April 24, 2018

“With this Ring I Thee Wed … ” – the history of the wedding ring


Ancient belief has it that the wedding ring originated from early Egypt. Sedges, rushes and reeds were twisted and braided into rings and bracelets. These rings, of course, did not last very long and was, over time, replaced by rings made of bone, ivory or leather. Still later it was replaced by metal rings.

First metal that was used was iron, and it symbolized the strength of a man’s love for his wife. The biggest problem with these iron rings were rust and they had to be replaced. I think this will be applicable to unfortunately so many weddings today as the initial strength of the man’s love gets rusty and ends in divorce.

The circle of the ring symbolizes eternal, never ending, love and the hole in the middle the step through the circle to a new life with your husband or wife.

Although different fingers were used in the past the Egyptians believed that the vein in the third finger on the left hand came directly from the heart. The Greeks called it “vena amoris” which means “the vein of love.”







Ever Wondered Why do We Throw Confetti at a Wedding?

The most joyous moment on a wedding surely is when the newlywed couple comes out of the church to be greeted by a colourful spread of shredded paper. This is an absolute highlight at any wedding!

Ever wondered where did this unusual custom originate?

Most of us do not know the reason behind this tradition. There is actually quite a deep reason to why people throw confetti to welcome the newlyweds.

The word “confetti” originated from the Italian word “confectionary”. When the Italians use the word “confetti,” they actually refer to sweets such as candied fruit or sugared almonds, which are usually handed out during special celebrations. Most Americans know these shreds of paper as confetti.

The Italians used to refer to paper confetti as “coriandoli”. During the war, sugar and paper were in short demand and they started using coated coriander seeds in stead.

The throwing of confetti to the couple is a very old custom and this has been done from ancient days. This tradition is to “bless” the couple so that they can be as fruitful as the grain thrown upon them.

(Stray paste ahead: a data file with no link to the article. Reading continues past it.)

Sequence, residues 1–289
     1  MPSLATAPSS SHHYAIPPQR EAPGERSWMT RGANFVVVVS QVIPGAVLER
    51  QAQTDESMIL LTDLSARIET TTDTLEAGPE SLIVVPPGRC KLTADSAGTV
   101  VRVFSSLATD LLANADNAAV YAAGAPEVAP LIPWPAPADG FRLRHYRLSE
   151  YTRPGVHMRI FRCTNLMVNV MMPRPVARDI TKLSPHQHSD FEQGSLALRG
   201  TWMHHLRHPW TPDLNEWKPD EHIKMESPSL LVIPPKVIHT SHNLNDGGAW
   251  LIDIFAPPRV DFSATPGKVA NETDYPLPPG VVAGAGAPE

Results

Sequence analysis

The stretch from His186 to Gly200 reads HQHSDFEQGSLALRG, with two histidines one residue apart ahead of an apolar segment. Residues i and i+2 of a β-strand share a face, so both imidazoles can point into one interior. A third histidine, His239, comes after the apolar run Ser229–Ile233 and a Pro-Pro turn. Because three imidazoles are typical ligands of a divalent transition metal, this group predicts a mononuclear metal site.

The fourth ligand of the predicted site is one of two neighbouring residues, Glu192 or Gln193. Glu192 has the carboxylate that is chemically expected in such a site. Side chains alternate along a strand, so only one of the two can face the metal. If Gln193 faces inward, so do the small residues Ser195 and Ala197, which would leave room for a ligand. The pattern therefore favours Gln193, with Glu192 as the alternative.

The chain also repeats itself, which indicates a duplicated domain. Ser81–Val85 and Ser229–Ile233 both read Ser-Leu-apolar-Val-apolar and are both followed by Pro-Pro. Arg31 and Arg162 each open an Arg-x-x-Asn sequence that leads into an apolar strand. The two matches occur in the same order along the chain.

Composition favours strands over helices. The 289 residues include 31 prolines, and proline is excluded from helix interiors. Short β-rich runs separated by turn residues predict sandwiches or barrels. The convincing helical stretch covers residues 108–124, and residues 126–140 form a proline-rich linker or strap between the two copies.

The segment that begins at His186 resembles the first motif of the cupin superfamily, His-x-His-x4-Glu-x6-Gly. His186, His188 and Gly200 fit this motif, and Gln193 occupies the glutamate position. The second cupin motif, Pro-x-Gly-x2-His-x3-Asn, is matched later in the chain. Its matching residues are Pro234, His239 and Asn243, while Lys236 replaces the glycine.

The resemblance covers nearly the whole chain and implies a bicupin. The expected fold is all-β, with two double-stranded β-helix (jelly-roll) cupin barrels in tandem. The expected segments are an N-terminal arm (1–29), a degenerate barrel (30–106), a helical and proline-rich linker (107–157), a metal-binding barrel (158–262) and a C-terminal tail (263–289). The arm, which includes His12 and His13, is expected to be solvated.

Today confetti, flower petals or even herbs are used.  A recent innovation at weddings is to use natural petal or herb confetti as it is completely biodegradeable.

Whenever you throw confetti again, remember you are actually blessing the couple.


Information obtained from: http://www.stumblerz.com/why-do-we-throw-confetti-at-a-wedding/


A Scene From The Wedding


Irene grew up in Port Alfred in the Eastern Cape, South Africa.  She wanted her wedding pictures to be taken on the beach. When they took me to the beach the day before their wedding, I asked them about people on the beach the following day, a Saturday. Their reply was that I should not worry as the main beach is a couple of kilometers away and it will be deserted.

Arriving the next day was a different story. The beach was crowded and I could not take any pictures there! Off to a deserted railroad station we went and got some stunning couple and entourage photos there.

I promised them that, if they were back on the beach early the next morning, all dressed up, hair done and a redo of the make-up, I would take some pictures. While I was waiting for them on the beach, the rain was pouring down. As they arrived, the rain stopped, and we could do the shoot. The moment we were done it started raining again!

The Setup

Beautiful clouds just after the rain, a beach with some artifacts, a stunning dress and, of course, a beautiful couple!  What more can one asks for.

The Shoot

We took several stunning pictures on the beach, including this one. For the photographers out there, here is the Metadata:

  • Lens: Nikkor VR 18 – 200mm.
  • Focal Length: 36mm.
  • AF-Area Mode: Dynamic.
  • VR: On.
  • Aperture: F5.6.
  • Shutter Speed: 1/600s.
  • Exposure Mode: Aperture Priority.
  • Exposure: -1/3.
  • Metering: Matrix.
  • ISO: 100.
  • Flash: SB900, TTL-BL, Exposure Comp.: 0.
  • Image Data: Color Mode II (Adobe RGB), Captured with low contrast and contrast dramatically increased in pp.